Sunday Coffee Pot Post

I needed some way to kickstart my art practice, and it wasn’t happening at home. So I am back at the lake house, a bit earlier than planned, but right now is probably the best time as far as the amount of work I have to do for the real job. I will be teleworking from here some days. I need to decide what days to mark off as shut off the work email and concentrate on art vacation days. Originally I had scheduled about a week’s worth of vacation time in late July, but those plans fell into the black hole of COVID. I have lots of vacation time – I may not get many pay raises from the state of North Carolina, but they give a lot of time off instead. I have much saved up from earlier years of receiving “bonus” time rather than raises, time that I saved in case I needed it for my mother’s care. Now that is sadly not an issue, although I am relieved that she is not here to go through this pandemic in a nursing home. She would have been miserable beyond belief.

This post is to catch up a bit on the days between my last stay down here, and to set up a blogging (journaling) practice every day while I’m here rather than do it all when I get back. I am by myself, and I’ve got time.

First, here is some of the finished collage work that I mounted on wooden panels over the past few weeks. There is nothing really new here except that I worked into some of them with ink and pencil and pens. Many thanks to my online collage teachers: Crystal Neubauer, Melinda Tidwell, and Roxanne Stout.

^”Visitor” 4×4″

^”Monkey Mind” 4×4″

^”Handmade” 4×4″

^”Warrior Woman” 4×4″

“Illustrated Question Box” 8×8″

Without a doubt I have spent the most time on “Illustrated Question Box.” It has so many layers and has changed meaning for me as it has evolved. Included materials are a 1931 newspaper from Oroville, Colorado and an illustration from a book on eugenics around the same time period, and materials gleaned from paperback and hardback books that I rescued.

Here is the one that is in progress right now:

“Shimmering Light” – working title, 8×8″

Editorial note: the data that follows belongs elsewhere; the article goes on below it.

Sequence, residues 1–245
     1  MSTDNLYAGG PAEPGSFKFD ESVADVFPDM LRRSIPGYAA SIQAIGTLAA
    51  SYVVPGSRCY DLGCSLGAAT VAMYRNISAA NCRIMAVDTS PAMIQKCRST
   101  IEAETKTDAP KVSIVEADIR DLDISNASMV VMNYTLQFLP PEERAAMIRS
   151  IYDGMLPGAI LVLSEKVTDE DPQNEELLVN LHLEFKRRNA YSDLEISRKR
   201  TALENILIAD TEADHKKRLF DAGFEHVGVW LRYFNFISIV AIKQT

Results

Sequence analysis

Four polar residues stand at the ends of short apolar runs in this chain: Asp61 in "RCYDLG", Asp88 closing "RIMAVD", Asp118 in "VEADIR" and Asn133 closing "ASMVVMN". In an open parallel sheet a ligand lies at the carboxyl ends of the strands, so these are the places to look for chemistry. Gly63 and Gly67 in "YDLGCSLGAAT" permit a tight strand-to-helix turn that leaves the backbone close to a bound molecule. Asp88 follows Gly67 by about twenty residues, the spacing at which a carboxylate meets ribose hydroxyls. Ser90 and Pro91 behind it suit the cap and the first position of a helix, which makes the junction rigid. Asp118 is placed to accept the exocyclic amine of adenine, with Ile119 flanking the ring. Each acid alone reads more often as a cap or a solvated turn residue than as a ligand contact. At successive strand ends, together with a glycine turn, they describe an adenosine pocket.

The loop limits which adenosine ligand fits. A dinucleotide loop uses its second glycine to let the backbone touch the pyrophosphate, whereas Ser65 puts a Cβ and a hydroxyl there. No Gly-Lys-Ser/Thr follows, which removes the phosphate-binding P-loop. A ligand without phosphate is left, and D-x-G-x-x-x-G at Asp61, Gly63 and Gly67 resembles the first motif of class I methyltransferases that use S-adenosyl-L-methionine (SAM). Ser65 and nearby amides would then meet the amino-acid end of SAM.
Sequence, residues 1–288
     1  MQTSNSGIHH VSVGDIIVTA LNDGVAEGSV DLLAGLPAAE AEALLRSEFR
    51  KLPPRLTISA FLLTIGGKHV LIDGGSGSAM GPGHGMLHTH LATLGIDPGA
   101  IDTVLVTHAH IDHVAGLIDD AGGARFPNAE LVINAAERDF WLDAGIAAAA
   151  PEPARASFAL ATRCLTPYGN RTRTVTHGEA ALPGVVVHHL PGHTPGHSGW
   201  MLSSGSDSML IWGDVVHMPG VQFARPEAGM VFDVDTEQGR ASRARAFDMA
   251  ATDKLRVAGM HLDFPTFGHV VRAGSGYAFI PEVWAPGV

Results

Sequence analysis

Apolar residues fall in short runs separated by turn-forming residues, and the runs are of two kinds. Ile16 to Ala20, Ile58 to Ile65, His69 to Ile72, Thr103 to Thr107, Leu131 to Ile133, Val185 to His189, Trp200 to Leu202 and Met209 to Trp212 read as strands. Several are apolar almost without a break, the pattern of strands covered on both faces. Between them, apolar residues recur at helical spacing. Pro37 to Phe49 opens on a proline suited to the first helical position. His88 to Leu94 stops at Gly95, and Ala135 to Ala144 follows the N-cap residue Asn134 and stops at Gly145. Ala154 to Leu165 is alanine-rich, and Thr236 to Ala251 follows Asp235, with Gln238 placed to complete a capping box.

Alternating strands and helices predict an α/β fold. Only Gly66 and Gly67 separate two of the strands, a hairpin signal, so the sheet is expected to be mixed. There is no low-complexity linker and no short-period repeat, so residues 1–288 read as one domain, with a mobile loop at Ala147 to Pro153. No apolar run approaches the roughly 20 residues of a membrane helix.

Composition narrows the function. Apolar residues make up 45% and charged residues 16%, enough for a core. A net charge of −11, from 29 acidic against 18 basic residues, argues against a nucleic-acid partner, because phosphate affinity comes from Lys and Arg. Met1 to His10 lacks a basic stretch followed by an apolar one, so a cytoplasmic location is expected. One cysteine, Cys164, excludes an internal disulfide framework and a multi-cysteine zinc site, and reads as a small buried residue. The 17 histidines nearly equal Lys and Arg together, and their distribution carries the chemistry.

As a Dudeist priestess, I realize that I am supposed to hate the fucking Eagles, man, but the lyrics to “Hotel California” resonate for me right now. The image is a copy of my grandmother’s wedding photo. She died of a sinus infection in the 1930s, so I never met her.

And I love the fucking Eagles and I don’t smoke pot, so maybe I should switch religions to the Church of the Flying Spaghetti Monster and become a Pastafarian.

The image at the top of the post is my back yard in bloom with evening primrose, feverfew, and purple coneflower (since I can’t spell echinacea right now). I think that I’ll put it into the rotating banner or in the background.

The next photos are from the front garden. It isn’t blooming much this time of year, but I had requests on Facebook to post photos of it. I recognize that the diversity of greens, textures, smells, and shapes of foliage are quite wonderful, but I didn’t think that it would translate to photography. Often I sit on my screened porch and people walking by don’t see me. They lean down and stroke the herbs for their smells and the lambs ears for texture. I’ve been told that it is a green oasis on a hot day. So here is a walk past my house.

Now I’m going to check out a few free online workshop previews to see if I want to buy them. Not that I don’t have enough online art stuff going on already! Hopefully, if my mental health doesn’t take a dip, there will be at least one post per day, if not more.

coffee pot posts, collage, Coronavirus Chronicles, More gardening, Slow Food

Saturday Coffee Pot Post

In which I can drink coffee in the afternoon, thank you very much.